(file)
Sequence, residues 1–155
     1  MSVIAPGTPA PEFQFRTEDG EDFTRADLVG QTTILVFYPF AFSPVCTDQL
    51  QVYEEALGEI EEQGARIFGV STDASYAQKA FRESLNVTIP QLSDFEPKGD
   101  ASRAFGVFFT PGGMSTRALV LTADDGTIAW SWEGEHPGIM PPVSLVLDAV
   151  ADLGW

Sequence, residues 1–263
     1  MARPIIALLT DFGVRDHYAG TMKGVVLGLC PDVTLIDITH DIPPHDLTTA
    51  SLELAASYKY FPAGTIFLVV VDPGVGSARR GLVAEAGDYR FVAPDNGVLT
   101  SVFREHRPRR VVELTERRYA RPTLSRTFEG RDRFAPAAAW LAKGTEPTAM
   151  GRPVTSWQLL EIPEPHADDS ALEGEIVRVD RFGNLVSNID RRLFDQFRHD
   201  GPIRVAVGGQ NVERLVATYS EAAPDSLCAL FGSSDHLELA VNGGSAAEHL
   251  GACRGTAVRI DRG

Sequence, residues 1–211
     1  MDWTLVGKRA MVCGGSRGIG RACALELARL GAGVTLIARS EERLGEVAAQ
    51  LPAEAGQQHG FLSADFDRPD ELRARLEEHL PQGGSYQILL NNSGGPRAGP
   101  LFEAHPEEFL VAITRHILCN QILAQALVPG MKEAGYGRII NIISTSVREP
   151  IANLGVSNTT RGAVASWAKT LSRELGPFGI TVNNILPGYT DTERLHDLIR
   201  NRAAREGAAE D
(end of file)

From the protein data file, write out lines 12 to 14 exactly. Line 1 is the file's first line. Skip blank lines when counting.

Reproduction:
   251  GACRGTAVRI DRG

Sequence, residues 1–211
     1  MDWTLVGKRA MVCGGSRGIG RACALELARL GAGVTLIARS EERLGEVAAQ